Photos: surprises discovered in tiny forest fragment surrounded by palm oil

Jeremy Hance
mongabay.com
November 10, 2010



Researchers have uncovered an astounding number of species in a tiny protected forest fragment surrounded on all side by palm oil plantations in the Indonesian island of Sumatra. Researchers with the Zoological Society of London (ZSL), Queen Mary, University of London and the Durrell Institute of Conservation and Ecology (DICE – University of Kent) recorded sun bear (Helarctos malayanus), Malayan tapir (Tapirus indicus), the banded langur (Presbytis femoralis), and agile gibbons (Hylobates agilis), but most notable, was the first record ever of the Ridley's leaf-nosed bat (Hipposideros ridleyi) in Sumatra. The discoveries highlight the importance of preserving even small forest fragments surrounded by agriculture.

"Protecting large areas of connected forest will always be a priority for wildlife conservation, but if ambitious future plans for oil palm expansion are realized, conserving forest fragments within oil palm landscapes will also be important for maintaining Indonesia’s biodiversity," said Sophie Persey, ZSL Biodiversity and Oil Palm Project Manager, in a press release.


The banded langur (Presbytis femoralis) is classified as Near Threatened by the IUCN Red List. Like most other animals in the region, the banded langur is threatened by habitat loss. Photo courtesy of ZSL.
The wildlife was recorded in a 300 hectare (741 acres) forest fragment that is managed as a conservation area by the palm oil company. Many of the species discovered are globally endangered, including Ridley's leaf-nosed bat (Hipposideros ridleyi), which is classified as Vulnerable by the IUCN Red List.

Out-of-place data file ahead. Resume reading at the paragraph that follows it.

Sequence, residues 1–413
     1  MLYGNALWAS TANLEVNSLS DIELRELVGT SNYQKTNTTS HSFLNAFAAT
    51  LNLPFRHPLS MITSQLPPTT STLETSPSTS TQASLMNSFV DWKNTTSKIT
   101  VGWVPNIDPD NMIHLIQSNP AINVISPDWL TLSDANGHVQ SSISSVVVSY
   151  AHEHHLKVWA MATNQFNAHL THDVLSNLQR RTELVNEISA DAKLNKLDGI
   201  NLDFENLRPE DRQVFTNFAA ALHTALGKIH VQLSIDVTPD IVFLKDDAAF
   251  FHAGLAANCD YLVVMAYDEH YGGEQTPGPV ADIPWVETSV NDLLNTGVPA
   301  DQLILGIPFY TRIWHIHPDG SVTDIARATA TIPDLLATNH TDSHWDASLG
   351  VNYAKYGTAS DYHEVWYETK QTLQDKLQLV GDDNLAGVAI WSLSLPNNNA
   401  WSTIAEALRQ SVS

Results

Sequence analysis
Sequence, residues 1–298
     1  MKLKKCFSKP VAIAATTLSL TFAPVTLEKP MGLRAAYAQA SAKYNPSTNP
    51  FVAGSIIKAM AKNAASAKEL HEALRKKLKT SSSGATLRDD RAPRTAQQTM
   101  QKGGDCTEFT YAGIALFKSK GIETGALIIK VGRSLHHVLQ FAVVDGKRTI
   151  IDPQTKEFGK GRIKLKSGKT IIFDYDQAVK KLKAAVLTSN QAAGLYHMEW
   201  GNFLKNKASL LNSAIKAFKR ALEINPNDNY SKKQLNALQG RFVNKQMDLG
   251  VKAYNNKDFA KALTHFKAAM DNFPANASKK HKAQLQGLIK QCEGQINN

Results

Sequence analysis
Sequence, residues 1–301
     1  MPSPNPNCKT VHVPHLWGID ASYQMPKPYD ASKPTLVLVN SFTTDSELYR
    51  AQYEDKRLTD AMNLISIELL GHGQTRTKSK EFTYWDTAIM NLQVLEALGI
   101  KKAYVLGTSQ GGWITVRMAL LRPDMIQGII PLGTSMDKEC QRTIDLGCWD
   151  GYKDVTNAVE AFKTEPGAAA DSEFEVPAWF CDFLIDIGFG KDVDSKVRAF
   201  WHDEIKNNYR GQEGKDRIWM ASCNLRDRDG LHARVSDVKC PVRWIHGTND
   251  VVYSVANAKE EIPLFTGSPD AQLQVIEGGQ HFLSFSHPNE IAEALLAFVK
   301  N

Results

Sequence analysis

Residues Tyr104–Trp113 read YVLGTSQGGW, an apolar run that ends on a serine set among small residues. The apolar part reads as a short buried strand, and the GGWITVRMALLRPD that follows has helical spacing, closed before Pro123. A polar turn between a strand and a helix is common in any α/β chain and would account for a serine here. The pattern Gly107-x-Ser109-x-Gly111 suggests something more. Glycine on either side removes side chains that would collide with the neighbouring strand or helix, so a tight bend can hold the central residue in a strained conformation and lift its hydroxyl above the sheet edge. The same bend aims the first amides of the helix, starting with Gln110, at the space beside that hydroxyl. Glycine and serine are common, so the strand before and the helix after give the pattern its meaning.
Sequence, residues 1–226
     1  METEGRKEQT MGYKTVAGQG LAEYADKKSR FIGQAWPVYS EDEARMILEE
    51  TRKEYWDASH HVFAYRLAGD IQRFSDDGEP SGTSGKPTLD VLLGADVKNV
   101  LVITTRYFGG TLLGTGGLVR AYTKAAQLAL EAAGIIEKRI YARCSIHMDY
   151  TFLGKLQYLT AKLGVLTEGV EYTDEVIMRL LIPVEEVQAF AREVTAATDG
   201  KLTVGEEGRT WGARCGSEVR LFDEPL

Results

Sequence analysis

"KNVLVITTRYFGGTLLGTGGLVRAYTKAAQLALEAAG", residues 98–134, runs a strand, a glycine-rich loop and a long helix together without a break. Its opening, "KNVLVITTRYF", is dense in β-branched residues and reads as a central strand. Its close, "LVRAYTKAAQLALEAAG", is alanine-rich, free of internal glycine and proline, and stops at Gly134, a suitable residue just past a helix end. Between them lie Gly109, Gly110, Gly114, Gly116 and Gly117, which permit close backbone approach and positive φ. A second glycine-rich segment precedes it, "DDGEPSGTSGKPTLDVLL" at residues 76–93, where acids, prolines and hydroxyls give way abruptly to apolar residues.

"This species is a forest specialist species as it depends on the availability of large hollows in forest trees to roost in and would therefore be unable to survive in an oil palm monoculture," Persey told the Jakarta Globe.

Sumatra is a major battleground for deforestation in Asia. The Indonesian island has lost 40% of its lowland forests in just 15 years, from 1990 to 2005, largely due to industrial monoculture expansion, such as palm oil and pulp and paper, and logging. The island is the only place in the world where orangutans, tigers, elephants, and rhinos all survive, though in ever-dwindling populations.

"The finding of this survey suggests that a network of forest fragments may be appropriate for some species of high conservation concern. The scientific community needs to continue to support the business community to find ways in which our threatened wildlife can persist in these managed areas over the long-term," says survey-leader Dr. Matthew Struebig of Queen Mary, University of London and DICE.




The first recorded Ridley's leaf-nosed bat (Hipposideros ridleyi) in Sumatra. Photo by: Matthew Struebig.




The Malayan tapir is classified as Endangered by the IUCN Red List with its population on the decline. Habitat loss and hunting are the biggest threats. Photo courtesy of ZSL.




The sun bear is classified as Vulnerable by the IUCN Red List. Like the tapir it is threatened by habitat loss and hunting. Photo courtesy of ZSL.







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CITATION:
Jeremy Hance
mongabay.com (November 10, 2010).

Photos: surprises discovered in tiny forest fragment surrounded by palm oil .

http://news.mongabay.com/2010/1110-hance_leafnosed.html